To get economy moving again, policymakers should go ahead with quantitative easing to boost liquidity and allow the euro to weaken
The euro zone’s “softly, softly” approach to the financial crisis is not working. The economy is sinking into deflation, dragged down by a zombie banking system and spiralling government debt. It is slipping back towards recession. A future break-up of the euro zone remains a potent threat.
Policymakers can ill afford to keep kicking the can down the road. The bailout earlier this month of Portuguese lender Banco Espirito Santo was a sharp reminder to investors the euro zone was not out of the woods by a long stretch.
The root causes of the crisis have not been tackled. High unemployment, chronic underinvestment, poor productivity and falling competitiveness continue to hamper recovery. Banks saddled with toxic loans and tightening capital requirements are starving the economy of much-needed finance. Governments battling burgeoning budgets with tough austerity policies pose a drag on growth.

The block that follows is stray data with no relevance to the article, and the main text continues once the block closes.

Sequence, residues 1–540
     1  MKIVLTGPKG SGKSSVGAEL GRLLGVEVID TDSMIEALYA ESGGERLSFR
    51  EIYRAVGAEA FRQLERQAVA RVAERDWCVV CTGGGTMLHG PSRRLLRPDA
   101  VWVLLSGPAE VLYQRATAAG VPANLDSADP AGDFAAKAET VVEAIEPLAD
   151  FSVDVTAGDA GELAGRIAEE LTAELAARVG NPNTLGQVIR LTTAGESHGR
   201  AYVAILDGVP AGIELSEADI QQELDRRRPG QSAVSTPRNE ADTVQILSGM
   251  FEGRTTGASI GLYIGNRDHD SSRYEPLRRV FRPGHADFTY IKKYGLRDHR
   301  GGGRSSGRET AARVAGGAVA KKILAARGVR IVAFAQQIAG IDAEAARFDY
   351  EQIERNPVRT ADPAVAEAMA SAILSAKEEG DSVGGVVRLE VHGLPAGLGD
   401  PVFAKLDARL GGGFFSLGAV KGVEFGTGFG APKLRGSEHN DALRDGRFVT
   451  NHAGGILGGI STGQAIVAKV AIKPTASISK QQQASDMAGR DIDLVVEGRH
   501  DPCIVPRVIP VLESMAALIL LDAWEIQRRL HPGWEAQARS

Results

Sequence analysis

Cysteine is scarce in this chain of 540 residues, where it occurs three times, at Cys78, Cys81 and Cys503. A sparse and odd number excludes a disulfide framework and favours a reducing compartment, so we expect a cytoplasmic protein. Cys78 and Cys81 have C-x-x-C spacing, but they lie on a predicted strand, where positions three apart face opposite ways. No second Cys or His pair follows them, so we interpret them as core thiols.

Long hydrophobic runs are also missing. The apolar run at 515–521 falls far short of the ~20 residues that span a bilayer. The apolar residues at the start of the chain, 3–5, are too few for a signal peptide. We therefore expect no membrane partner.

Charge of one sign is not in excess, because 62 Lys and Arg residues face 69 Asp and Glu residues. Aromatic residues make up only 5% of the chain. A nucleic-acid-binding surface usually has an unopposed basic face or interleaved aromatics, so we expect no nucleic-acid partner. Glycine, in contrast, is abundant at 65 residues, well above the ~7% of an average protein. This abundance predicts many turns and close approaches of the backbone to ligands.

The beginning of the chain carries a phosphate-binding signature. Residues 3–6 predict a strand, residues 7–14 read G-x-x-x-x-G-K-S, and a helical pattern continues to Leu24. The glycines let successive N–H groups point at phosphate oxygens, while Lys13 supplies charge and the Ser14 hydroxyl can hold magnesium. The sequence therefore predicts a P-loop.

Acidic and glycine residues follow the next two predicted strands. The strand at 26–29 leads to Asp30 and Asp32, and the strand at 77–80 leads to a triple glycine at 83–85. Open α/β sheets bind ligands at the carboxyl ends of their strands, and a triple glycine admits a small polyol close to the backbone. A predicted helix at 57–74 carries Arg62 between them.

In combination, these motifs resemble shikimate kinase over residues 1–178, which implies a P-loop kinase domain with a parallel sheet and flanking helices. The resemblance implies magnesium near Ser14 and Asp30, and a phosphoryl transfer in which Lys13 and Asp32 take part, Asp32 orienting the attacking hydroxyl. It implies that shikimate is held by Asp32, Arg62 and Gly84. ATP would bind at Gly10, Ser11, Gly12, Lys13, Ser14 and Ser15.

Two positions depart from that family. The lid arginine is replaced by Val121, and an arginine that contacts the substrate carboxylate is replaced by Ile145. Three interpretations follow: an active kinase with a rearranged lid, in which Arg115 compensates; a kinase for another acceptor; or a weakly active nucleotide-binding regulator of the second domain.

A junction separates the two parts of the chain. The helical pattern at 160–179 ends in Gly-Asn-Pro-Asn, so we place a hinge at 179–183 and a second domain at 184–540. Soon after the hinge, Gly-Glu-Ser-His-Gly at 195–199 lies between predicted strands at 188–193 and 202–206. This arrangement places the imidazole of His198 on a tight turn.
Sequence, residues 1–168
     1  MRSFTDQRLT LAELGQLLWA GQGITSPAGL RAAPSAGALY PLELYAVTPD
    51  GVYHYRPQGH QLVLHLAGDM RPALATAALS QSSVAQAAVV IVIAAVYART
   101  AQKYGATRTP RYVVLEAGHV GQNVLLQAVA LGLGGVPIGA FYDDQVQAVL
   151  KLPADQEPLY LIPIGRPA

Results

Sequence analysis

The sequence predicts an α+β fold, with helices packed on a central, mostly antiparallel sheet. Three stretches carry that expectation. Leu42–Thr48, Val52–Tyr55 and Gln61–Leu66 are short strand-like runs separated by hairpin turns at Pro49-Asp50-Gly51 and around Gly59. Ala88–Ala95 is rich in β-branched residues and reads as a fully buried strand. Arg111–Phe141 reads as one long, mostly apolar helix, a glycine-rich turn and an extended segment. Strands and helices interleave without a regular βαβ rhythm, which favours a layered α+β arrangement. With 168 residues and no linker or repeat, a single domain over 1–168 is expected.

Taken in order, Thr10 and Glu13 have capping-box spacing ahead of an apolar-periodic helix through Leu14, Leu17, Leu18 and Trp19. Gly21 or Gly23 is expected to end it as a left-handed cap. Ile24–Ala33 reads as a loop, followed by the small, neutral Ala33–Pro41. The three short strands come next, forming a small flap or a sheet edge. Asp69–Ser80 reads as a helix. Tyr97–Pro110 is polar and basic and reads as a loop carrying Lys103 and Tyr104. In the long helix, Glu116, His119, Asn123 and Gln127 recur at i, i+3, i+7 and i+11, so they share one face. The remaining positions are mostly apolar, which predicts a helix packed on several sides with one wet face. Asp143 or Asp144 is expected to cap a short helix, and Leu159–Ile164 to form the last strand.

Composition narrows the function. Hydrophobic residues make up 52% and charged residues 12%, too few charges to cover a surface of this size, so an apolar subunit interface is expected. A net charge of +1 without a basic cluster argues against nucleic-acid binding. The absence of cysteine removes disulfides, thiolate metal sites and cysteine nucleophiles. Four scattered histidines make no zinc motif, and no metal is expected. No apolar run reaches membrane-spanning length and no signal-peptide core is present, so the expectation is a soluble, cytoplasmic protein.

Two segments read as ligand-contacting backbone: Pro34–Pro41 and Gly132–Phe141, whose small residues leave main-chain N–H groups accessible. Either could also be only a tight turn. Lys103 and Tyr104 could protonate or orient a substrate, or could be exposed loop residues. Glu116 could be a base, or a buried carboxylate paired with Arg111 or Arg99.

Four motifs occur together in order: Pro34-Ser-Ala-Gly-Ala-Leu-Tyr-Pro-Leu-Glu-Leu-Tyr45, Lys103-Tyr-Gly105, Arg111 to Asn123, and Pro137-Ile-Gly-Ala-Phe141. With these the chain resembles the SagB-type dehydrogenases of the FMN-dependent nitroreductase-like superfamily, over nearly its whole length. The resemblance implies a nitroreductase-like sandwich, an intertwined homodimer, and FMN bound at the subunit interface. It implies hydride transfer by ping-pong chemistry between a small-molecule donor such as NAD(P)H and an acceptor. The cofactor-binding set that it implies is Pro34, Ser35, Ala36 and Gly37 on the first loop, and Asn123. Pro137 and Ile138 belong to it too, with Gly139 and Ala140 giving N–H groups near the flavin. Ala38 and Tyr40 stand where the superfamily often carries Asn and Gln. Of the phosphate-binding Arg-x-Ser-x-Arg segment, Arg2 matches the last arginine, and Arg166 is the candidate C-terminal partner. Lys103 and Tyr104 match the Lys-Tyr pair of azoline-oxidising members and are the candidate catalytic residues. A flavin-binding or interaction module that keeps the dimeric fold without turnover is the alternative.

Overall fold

Radical action is required. The European Central Bank has tinkered far too long over quantitative easing – buying bonds and pumping cash back into the markets. In the past five years, it has missed a vital window of opportunity to bring the economy back to strength.
The United States and Britain both bit the bullet early on with quantitative easing and zero interest rates, fast-tracking their economies to quicker recovery. The benefits are clear to see.
By comparison, the euro zone is struggling with 0.9 per cent growth. Some economies like Italy have already slipped into recession. Even Germany’s economy has lost drive. Fallout from the crisis in Ukraine and the European Union’s sanctions against Russia are gnawing on economic confidence, spending plans and investment intentions. Recession could be on the cards for Germany by the third quarter.
Full article: Radical action needed as euro zone remains on amber alert (South China Morning Post)